My MacBook Pro Experience - Day 6

Summary:It's day six of my MacBook Pro experience (or should that be experiment?) and today I'm going to talk more about the actual Mac hardware.It's nearly a week into the MacBook experience and since I've now had the opportunity to handle the MacBook Pro quite a bit and use the various features that it offers I think I'm ready to offer some comment on them.

It's day six of my MacBook Pro experience (or should that be experiment?) and today I'm going to talk more about the actual Mac hardware.

It's nearly a week into the MacBook experience and since I've now had the opportunity to handle the MacBook Pro quite a bit and use the various features that it offers I think I'm ready to offer some comment on them.

From a standpoint of fit and finish, I have to be honest and say that the MacBook is, by far, the best notebook I've ever handled.  Period.  The solid metal finish is beautifully stylish, yet robust.  I like that the use of plastic is kept to a minimum. 

I'm still adjusting to the keyboard.  I still feel that it's a bit too far away from me when I'm typing and the different keyboard layout from a standard Windows keyboard still trips me up at times.  This is a minor niggle that's almost not worth mentioning apart from the fact that anyone thinking of making the switch to a Mac should be aware that some retraining is required.  I like the backlit keys but I find that the light is sometimes on when I don't need to be and off when it could be useful. 

The screen is also a delight to view.  A 17-inch widescreen running at 1680 x 1050 pixels really is about all you can ever want on a notebook.  The screen is also very easy on the eyes, even in low light (here I think the backlighting on the keyboard helps to reduce eye strain).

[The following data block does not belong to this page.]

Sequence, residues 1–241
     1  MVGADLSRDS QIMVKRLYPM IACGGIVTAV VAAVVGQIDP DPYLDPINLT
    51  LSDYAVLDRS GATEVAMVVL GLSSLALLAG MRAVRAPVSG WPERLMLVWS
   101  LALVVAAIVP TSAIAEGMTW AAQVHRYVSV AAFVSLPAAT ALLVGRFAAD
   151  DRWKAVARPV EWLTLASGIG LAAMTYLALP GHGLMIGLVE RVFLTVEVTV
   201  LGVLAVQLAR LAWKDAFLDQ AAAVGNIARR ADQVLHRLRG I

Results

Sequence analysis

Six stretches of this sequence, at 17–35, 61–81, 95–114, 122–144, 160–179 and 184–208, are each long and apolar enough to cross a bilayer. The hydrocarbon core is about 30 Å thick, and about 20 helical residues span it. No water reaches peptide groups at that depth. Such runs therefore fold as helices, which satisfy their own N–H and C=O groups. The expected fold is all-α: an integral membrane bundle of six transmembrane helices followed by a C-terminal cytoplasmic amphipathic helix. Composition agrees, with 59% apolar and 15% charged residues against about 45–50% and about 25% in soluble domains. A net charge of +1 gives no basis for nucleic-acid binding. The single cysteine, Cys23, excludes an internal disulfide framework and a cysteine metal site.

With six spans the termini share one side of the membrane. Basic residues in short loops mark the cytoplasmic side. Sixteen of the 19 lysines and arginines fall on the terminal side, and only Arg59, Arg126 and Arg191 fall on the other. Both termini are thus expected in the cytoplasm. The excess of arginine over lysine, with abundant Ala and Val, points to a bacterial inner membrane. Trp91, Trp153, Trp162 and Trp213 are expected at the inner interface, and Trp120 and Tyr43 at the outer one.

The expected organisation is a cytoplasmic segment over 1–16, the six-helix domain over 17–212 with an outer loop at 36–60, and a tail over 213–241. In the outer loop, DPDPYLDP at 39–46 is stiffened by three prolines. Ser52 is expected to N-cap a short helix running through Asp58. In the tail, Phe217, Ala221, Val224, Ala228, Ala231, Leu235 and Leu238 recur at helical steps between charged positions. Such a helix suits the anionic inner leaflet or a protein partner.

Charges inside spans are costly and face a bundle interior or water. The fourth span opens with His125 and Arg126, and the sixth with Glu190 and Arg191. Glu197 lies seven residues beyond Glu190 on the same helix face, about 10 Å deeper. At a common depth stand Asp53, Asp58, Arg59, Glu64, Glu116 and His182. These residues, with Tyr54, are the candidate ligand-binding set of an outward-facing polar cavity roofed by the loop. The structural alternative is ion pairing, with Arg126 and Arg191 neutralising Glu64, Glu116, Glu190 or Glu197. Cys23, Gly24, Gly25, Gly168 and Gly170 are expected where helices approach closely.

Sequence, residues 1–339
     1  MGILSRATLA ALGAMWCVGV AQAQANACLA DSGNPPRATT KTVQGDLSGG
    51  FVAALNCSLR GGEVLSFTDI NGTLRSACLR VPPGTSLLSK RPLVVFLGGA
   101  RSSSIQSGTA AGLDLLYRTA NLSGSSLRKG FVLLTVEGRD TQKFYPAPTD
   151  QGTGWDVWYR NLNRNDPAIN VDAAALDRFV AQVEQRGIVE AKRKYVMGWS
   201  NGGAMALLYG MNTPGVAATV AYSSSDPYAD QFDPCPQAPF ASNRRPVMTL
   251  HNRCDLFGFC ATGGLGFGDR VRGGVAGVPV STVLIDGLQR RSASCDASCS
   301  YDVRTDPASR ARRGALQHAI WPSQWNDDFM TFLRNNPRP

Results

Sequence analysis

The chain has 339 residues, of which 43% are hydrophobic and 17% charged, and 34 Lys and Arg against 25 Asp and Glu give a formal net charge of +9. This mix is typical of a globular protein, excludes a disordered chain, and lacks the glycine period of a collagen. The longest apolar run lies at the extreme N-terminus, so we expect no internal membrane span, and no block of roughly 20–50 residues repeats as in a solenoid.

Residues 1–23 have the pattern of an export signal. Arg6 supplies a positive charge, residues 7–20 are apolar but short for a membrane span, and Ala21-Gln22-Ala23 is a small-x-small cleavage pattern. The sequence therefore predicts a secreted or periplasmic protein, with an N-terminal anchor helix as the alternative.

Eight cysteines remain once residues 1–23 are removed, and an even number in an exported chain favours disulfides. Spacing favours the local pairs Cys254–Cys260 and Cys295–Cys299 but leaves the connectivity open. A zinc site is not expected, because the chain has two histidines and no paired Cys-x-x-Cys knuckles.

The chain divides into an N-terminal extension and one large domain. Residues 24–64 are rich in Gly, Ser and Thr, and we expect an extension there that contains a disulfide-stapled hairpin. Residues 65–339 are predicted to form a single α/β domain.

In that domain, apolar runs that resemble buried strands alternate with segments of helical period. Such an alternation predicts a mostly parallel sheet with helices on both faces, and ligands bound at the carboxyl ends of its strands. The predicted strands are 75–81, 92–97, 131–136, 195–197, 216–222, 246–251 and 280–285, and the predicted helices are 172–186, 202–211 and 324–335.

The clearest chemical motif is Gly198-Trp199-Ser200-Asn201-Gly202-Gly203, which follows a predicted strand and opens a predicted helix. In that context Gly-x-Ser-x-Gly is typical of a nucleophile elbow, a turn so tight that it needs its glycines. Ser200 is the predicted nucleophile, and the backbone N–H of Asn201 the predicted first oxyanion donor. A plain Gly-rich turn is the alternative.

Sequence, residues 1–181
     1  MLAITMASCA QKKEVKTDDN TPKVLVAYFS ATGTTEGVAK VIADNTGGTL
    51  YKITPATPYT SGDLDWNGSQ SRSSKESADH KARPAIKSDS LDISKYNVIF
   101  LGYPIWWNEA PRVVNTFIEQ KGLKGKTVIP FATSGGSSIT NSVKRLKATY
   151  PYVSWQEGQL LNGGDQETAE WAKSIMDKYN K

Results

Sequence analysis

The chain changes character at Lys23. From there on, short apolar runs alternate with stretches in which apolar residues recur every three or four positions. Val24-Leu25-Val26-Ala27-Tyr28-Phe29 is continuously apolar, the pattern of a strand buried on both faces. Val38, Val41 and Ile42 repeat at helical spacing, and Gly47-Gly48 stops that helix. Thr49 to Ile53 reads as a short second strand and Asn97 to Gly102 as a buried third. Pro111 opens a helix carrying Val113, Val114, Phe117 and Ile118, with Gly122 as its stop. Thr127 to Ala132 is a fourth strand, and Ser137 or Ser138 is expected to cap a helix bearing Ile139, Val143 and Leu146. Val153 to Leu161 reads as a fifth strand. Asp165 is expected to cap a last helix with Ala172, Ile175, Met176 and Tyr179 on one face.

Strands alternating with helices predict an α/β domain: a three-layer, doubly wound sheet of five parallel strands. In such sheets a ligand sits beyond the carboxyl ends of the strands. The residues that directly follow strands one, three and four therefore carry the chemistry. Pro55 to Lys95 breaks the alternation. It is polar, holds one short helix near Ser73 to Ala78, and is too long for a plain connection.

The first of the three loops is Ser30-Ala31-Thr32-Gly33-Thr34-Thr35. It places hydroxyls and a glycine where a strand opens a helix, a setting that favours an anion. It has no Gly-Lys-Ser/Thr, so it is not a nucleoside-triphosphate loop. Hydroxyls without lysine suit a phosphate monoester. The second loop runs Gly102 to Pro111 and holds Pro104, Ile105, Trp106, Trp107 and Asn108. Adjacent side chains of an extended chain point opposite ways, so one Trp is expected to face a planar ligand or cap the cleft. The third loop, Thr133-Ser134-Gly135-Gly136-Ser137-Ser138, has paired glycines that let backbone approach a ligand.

There's also plenty of scope for hooking up stuff to the MacBook.  On the left-hand side of the notebook there's the MagSafe power connector, two USB 2.0 ports, audio in, audio out and an ExpressCard/34 slot.  On the right-hand side there's a Dual-link DVI, a gigabit Ethernet port, a FireWire 800 port, a FireWire 400 port, another USB 2.0 port and finally a security slot.  This is a pretty impressive specification, even if I'd prefer to have a couple of extra USB ports instead of the FireWire ports (the FireWire 800 port at any rate).

I'm finding that the trackpad is very responsive and easy to use.  Oddly enough, I find the buttons somewhat on the clunky side and not in keeping with the rest of the design.  I'm surprised that the engineers at Apple haven't come up with something a little more elegant.  I'm not sure why but each time I press one of those buttons and I hear that dull plastic clunk, I feel a little disappointed.

WiFi ... hmmm ... that's one for Apple support I think.

One thing I'm surprised that the notebook doesn't have is an integrated media card reader.  That would be really useful.  Otherwise the MacBook Pro is a really nice, fully-featured and powerful notebook. 

Tomorrow I'm going to look at some of the basic skills that someone planning on making the shift to the Mac platform will need.

Previous installments:

Topics: Hardware

About

Adrian Kingsley-Hughes is an internationally published technology author who has devoted over a decade to helping users get the most from technology -- whether that be by learning to program, building a PC from a pile of parts, or helping them get the most from their new MP3 player or digital camera.Adrian has authored/co-authored technic... Full Bio

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